This is why, to the extent that we have foster space available, 4Paws focuses on rescuing cats from animal shelters, focusing on facilities with high kill rates and low (sometimes no) adoptions. We believe that we make the greatest impact by taking cats directly from the clutches of death—sweet and innocent cats and kittens scheduled for euthanasia in over-crowded facilities.

As the word gets out, workers at more and more animal shelters are contacting 4Paws about cats and kittens in their facilities that have been slated for imminent death. Last year, we rescued cats from shelters in the DC area as well as from facilities in more rural areas such as Giles, Fluvanna, and Madison counties in Virginia and Carroll and Tricounty shelters in Maryland. Localities outside of the Metro area have great difficulty placing abandoned animals into permanent homes. Consequently, the euthanasia rates tend to higher for shelters in these outlying areas. 4Paws makes an effort, whenever possible, to take cats from these rural shelters.

4Paws cats are adopted out primarily through four venues:

  1. Adoption fairs held approximately twice each month provide an opportunity for cats in foster care to be seen by potential adopters;
  2. Temporary placement in local Petco stores allows gives the cats more visibility as they await adoption into a permanent home;
  3. On the website, the online adoption fair highlights many cats as they appear in the comforts of their foster homes; and
  4. Local vet clinics in Fairfax, Burke, and Clifton display 4Paws kittens available for adoption.

This past year, adoption fairs were held at five locations—Petco stores in Chantilly, Fairfax, Stafford and Tyson's Corner as well as Wylie Wagg pet store in Fairfax. All year round, Petco stores in Alexandria, Burke, Chantilly, Fairfax, and Tyson's Corner provide space for 4Paws cats to be better seen by the public. Volunteers take care of the cats twice daily while they await adoption.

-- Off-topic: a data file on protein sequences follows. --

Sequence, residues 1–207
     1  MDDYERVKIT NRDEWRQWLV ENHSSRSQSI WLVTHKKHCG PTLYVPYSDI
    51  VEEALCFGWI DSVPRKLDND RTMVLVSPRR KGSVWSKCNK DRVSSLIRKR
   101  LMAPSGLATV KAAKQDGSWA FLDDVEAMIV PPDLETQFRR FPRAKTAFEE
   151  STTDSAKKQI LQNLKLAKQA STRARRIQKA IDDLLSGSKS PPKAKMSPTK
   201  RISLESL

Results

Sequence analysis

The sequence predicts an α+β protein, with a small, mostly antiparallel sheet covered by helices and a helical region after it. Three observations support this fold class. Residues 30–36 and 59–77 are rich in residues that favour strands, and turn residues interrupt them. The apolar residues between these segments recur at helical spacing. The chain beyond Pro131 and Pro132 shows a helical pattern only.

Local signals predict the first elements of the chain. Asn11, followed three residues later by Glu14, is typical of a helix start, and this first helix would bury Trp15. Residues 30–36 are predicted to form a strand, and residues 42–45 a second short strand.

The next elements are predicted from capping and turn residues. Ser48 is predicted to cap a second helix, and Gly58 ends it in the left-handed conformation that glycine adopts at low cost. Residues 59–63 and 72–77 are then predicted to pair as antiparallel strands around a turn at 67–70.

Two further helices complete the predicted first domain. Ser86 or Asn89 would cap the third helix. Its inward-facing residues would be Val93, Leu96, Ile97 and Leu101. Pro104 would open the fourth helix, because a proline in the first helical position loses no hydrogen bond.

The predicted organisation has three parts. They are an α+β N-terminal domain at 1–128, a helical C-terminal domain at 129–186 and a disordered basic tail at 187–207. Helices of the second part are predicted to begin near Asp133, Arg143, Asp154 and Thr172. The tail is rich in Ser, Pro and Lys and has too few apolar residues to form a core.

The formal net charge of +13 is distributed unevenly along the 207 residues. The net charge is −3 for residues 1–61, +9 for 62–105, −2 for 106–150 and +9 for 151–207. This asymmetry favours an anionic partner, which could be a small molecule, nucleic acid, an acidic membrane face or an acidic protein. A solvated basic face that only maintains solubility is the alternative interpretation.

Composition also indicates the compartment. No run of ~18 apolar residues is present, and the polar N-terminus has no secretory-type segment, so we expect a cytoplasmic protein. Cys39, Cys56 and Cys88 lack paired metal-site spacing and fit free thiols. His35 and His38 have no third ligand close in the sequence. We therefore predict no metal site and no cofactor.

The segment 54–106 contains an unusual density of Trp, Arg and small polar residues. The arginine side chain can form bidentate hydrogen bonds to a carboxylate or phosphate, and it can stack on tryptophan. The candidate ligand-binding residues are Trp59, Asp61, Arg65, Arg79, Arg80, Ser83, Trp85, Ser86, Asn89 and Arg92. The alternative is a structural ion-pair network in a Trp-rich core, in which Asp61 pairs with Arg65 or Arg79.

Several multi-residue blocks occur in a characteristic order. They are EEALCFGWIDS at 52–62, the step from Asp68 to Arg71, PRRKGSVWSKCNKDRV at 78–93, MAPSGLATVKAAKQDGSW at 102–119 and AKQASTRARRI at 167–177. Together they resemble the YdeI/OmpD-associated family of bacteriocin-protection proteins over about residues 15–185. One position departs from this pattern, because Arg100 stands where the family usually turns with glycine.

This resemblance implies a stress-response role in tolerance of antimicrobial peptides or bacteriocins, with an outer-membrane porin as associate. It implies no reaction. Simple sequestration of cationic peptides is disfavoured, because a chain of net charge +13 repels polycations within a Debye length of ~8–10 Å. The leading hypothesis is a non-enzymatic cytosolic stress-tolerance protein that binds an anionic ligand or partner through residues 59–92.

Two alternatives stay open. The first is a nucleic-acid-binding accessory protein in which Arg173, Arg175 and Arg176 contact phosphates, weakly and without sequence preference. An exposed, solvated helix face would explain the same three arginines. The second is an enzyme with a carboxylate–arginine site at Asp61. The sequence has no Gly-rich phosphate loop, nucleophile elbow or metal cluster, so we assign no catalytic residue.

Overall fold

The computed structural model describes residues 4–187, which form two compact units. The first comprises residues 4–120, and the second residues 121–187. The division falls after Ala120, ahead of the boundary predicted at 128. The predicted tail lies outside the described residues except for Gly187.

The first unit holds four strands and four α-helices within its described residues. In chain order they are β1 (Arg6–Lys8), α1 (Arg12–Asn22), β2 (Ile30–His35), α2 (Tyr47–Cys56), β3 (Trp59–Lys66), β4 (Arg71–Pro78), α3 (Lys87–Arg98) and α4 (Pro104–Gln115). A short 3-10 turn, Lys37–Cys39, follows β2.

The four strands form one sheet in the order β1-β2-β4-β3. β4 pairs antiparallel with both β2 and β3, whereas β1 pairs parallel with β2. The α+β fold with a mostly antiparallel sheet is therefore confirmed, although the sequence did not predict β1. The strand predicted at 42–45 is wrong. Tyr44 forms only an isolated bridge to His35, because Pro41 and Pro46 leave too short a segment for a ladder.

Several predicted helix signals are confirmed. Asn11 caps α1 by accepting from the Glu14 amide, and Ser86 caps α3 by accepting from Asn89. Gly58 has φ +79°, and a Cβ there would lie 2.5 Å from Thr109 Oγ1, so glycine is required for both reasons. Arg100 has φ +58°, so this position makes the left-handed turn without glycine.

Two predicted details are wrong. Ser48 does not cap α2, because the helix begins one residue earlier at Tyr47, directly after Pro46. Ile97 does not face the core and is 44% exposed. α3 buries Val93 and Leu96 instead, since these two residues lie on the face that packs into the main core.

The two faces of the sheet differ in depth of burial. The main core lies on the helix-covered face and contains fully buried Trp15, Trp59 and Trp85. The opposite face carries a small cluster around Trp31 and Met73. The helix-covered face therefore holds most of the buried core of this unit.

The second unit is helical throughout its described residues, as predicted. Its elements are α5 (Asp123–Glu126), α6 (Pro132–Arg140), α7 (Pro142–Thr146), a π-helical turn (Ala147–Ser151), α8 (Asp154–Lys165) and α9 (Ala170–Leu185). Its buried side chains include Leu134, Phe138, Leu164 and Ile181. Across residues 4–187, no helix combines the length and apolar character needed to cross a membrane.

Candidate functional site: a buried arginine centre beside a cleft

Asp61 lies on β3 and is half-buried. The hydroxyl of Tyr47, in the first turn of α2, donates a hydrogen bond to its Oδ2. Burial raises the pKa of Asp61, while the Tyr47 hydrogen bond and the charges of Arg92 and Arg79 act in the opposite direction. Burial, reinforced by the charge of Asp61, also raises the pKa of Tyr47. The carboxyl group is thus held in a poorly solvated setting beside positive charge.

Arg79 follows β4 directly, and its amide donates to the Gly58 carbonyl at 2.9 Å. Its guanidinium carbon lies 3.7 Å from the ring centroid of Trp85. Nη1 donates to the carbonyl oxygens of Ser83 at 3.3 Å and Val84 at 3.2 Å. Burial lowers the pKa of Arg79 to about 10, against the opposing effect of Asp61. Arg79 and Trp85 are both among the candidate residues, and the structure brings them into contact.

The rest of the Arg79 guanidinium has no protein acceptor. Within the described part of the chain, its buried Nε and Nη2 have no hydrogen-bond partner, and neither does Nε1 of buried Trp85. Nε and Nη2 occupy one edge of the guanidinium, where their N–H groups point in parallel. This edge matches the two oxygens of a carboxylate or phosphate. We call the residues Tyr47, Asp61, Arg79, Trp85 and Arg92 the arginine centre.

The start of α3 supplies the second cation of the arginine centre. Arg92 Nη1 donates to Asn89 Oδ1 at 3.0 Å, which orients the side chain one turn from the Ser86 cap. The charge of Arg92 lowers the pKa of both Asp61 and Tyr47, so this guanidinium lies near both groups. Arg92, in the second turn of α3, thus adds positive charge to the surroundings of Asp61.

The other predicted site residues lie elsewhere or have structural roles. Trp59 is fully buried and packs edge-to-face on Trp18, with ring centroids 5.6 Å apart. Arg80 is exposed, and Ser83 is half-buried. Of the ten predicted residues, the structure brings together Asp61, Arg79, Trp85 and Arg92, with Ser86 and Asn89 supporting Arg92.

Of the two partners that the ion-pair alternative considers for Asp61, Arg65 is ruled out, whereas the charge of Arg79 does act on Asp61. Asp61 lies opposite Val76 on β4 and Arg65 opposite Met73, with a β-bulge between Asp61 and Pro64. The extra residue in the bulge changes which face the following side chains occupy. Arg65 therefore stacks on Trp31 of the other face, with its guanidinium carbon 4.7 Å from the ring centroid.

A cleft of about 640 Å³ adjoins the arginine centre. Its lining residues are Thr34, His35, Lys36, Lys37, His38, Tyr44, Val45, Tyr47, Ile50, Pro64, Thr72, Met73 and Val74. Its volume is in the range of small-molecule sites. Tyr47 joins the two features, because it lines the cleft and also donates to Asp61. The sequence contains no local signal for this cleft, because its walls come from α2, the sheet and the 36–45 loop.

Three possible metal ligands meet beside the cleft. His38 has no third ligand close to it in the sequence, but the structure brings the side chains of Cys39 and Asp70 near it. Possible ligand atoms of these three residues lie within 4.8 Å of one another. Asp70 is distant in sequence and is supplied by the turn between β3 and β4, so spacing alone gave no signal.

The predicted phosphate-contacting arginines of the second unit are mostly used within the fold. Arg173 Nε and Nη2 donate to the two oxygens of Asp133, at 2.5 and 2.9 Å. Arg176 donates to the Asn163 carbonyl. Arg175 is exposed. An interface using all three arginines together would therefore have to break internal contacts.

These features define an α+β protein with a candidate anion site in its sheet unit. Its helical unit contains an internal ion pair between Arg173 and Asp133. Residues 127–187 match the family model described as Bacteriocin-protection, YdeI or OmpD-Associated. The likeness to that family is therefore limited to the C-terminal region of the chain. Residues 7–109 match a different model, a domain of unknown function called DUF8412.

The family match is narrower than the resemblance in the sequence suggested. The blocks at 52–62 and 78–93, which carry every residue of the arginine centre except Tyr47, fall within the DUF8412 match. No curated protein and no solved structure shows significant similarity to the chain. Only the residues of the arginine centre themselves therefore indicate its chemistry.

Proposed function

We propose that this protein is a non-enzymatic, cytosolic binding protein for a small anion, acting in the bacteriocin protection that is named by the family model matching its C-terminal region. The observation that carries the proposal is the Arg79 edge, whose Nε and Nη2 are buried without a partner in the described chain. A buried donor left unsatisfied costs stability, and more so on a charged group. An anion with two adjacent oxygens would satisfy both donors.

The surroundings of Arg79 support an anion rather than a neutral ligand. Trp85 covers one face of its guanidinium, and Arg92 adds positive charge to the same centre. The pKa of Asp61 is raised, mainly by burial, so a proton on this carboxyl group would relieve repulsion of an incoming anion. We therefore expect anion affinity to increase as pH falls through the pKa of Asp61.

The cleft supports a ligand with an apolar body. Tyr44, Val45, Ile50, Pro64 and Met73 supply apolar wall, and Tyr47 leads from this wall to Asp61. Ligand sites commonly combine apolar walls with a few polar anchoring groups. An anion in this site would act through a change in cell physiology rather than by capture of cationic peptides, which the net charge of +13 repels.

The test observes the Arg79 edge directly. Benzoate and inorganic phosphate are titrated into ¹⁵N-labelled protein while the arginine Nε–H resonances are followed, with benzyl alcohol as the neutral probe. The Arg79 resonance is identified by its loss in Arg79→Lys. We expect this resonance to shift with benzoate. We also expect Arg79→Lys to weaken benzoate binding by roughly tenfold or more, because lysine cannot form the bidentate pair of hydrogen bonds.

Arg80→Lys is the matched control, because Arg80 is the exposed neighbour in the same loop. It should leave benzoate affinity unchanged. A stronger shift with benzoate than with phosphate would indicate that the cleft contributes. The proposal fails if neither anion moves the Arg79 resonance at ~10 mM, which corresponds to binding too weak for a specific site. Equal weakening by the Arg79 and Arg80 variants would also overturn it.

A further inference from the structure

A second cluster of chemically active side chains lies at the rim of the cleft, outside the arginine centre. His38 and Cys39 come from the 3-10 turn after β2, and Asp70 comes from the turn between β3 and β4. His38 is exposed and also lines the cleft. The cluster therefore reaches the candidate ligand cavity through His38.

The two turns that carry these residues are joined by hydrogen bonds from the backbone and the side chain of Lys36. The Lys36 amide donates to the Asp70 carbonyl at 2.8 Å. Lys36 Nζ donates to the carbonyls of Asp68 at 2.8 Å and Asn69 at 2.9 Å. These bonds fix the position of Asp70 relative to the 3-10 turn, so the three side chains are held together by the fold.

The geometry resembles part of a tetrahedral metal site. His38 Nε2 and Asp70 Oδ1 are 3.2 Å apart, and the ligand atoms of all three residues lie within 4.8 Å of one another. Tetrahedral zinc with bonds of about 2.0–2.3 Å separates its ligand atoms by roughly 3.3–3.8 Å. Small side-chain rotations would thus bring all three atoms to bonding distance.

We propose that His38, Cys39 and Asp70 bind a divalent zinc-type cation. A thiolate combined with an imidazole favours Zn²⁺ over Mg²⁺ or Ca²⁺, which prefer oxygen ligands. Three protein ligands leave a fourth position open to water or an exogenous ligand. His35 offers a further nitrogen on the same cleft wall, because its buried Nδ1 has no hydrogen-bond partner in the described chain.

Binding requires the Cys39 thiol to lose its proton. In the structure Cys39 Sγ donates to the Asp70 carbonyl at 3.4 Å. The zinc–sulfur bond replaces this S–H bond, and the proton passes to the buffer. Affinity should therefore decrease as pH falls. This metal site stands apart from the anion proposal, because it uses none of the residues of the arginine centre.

The virtual adoption fair, which can be seen on the organization’s website at, allows cats that do not adapt well to noisy stores or adoption fairs to be seen as they truly are in the comfort of their foster homes. 4Paws continues to post cats available for adoption on national websites designed for the purpose of promoting rescued animals. The most successful of those sites is The following is a breakdown of adoptions listed by the various venues:

  • Adoption fairs 34%
  • Foster homes and vet offices 25%
  • Petco stores 24%
  • Online resources 17%

To cover at least a portion of the costs associated with caring for the cats before permanent homes are found, adoption fees are charged: $120 for an adult cat and the fee for an unsterilized kitten is $145 which includes a deposit of $50 that is returned after the owner provides proof of sterilization.

Adoption fees cover less than half of the cost of the veterinary care necessary to ready a healthy cat for adoption. Medical care for injury and disease (i.e., diarrhea, upper respiratory, and flea induced anemia) also drain a large portion of the organization’s financial resources.

4Paws relies on the generosity of you, the public, to cover those costs that exceed the amount recovered with adoption fees. Last year 4Paws spent almost $115,000 on medical care for our cats.

While financial support is vital, the life saving work of the 4Paws Rescue Team would not be possible without the help of approximately 120 volunteers who dedicate a portion of their free time to improving the lives of homeless cats. Volunteers perform a variety of functions including fostering homeless cats, caring for cats in Petco stores, assisting at adoption fairs, and fielding calls on the 4Paws hotline.

Community education is also a very important aspect of the work done by 4Paws. Throughout the year, volunteers respond to inquires about cat care and behavior issues, giving suggestions about food, litter and other supplies that are most appropriate for particular situations.

A team of volunteers visits local elementary schools and talks to students about responsible pet care. 4Paws cats are taken to the schools during these visits in order to demonstrate proper care and handling techniques. For the past 8 years, the first grade classes at Forestville Elementary have sponsored year-long donation drives to collect food, litter and other supplies for our rescued cats.

We are grateful for the generosity of those children, their families, and all of you that wish to improve the lives of homeless cats and kittens. Thank you.